It was noon near periurban Dhaka. The sun was at its full strength, blazing the fields that laid across. I and Abu Bakar Siddik – visiting the place for an urban wild feline – sought refuge nearby underneath a plantain grove.
That was not much of a shed and there was not much to do either — we were done swearing at the forecast for it suggested something different, rain. The course of discussion changed to cats. We, both being cat people, got plenty of cat characters to analyse. And, then, it happened. I looked up. It took me a few good seconds to grasp what was happening. There was the cat.
Right on the path by the grove, out in the open, the cat was slowly pacing away and oblivious to all the noise we were making. We made eye contact but it did not budge except only when we went within 10 feet of it. It leapt across the road and dived into the dry meadow. Both colours blended perfectly. The whole incident took about 10 seconds. The streak of extraordinary events, whenever I and Abu Bakar Siddik pair up for a photography trip, continues.
In 2018, the BBC aired a miniseries named 'Big Cats'. Using the latest technologies, the show revealed some baffling, never-seen-before footage of a dozen of different elusive felines. The promo of 'Big Cats' started with a subheading: 'One family, 40 different faces'.
Biologically, the cats of the world belong to a single family, Felidae. Interestingly, except for about six species — the tiger, lion, leopards, jaguar, snow leopard and sometimes clouded leopard — wild cats are grouped as small cats, often termed as the lesser cats — according to the BBC show. The jungle cat is one of these small cats.
It is likely that the jungle cat (Bangla: Bonbiral, Wab) is among the most common cats in Bangladesh. It occurs all over the country and can be found in any old, undisturbed homesteads and backyard jungles. Its brownish straw-coloured coat is often confusing with the feral ginger cats; the jungle cat-domestic cat hybrids are also common. Visibly long ear-tuft, white muzzle, slender legs, cheek stripe and black stripes (generally paired) inside of forelegs are the tell-tale signs of the species.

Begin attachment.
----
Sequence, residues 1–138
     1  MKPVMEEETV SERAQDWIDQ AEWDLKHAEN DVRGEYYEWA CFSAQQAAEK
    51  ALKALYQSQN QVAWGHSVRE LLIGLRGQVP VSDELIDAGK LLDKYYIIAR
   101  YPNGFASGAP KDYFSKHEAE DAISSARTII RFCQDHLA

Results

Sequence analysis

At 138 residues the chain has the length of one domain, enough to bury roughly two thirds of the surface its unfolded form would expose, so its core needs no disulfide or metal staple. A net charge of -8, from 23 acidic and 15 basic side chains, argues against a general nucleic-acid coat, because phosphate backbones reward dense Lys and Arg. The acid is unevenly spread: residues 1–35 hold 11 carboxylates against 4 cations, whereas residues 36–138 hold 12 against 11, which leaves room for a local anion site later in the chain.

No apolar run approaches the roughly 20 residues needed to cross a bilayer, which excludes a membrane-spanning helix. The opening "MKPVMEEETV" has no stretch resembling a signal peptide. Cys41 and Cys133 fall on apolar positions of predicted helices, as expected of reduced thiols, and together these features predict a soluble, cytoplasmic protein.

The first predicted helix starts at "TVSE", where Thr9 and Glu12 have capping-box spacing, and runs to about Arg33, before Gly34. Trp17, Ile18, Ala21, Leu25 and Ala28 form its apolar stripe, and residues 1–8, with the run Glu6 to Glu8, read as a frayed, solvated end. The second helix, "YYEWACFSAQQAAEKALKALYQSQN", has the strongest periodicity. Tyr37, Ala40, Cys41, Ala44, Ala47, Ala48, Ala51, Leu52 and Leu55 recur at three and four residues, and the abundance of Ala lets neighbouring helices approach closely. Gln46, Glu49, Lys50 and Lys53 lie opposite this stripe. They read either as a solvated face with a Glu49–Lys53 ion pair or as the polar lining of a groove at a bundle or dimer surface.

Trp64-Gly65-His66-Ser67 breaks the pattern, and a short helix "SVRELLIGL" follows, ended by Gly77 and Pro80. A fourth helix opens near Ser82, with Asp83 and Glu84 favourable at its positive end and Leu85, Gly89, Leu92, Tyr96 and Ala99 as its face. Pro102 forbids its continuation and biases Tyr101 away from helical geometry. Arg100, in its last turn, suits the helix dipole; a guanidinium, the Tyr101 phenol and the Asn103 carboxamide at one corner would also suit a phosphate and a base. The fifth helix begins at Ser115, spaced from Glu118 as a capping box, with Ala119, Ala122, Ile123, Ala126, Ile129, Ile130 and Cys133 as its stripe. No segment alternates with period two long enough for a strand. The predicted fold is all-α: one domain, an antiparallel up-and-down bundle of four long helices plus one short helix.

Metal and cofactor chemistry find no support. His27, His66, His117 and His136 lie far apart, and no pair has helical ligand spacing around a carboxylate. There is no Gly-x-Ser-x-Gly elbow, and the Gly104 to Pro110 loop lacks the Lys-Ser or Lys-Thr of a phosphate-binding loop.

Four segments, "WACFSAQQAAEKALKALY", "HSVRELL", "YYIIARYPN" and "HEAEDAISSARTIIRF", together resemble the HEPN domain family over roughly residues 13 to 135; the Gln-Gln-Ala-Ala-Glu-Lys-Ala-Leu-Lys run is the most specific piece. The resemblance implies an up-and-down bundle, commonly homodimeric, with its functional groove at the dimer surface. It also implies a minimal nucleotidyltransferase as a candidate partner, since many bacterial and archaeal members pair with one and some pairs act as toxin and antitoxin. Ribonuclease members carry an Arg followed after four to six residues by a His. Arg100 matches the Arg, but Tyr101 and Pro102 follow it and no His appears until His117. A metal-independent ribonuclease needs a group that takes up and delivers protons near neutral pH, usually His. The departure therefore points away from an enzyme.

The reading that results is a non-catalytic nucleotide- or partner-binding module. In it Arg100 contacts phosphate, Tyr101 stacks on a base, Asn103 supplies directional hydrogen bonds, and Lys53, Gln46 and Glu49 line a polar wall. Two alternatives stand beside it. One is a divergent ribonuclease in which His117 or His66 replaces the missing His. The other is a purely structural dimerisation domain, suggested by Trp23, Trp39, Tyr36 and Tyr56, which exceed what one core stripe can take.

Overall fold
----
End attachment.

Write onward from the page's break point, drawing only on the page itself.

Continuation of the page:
Undoubtedly, this is the only cat that still lives in the suburban areas — even in Dhaka. But their heydays are long gone. For food and habitat, cats this small, too, come into conflict and are readily struck down. For example, in 2017 I saw one in Purbachal, Dhaka. Now, the area has been completely cleared off of any vegetation.
It appears that half of our small cats live around us. But they are being treated poorly. The other half are like mystic creatures. We know they live in our remaining eastern forests. But that is all. Apart from the sporadic encounters, we don't know much about their lifestyle. How they are getting food in ever-receding habitats is also shrouded in mystery.
We waited there for the rest of the day. The sun slid down to the west, the road became busy. There was more chaos than usual. The straw-coloured grasses between the paddy field and the road, a wandering ground for these cats, remained empty. At dusk, the edge of the paddy field moved suspiciously. But nothing peered out.
We decided to call it a day when all colours had been washed away with shades of grey. Our bike was crossing the meadow. Then, there was the cat, again – this time on the farthest end of the meadow. It was sitting by the edge of the paddies – our guess was correct. The cat looked back warily, not familiar with the revving noise of the engine – ours was one of the first bikes there. It went in the direction of a nearby pool, a home for a medley of common birds. For the cat, the meal was waiting.
The resilience and perseverance of small cats always strike me with awe. With almost everything less and wanting, they know how to hang on with grit. But the rising and creeping concretes on the horizon look closer and more suffocating for them than it might appear.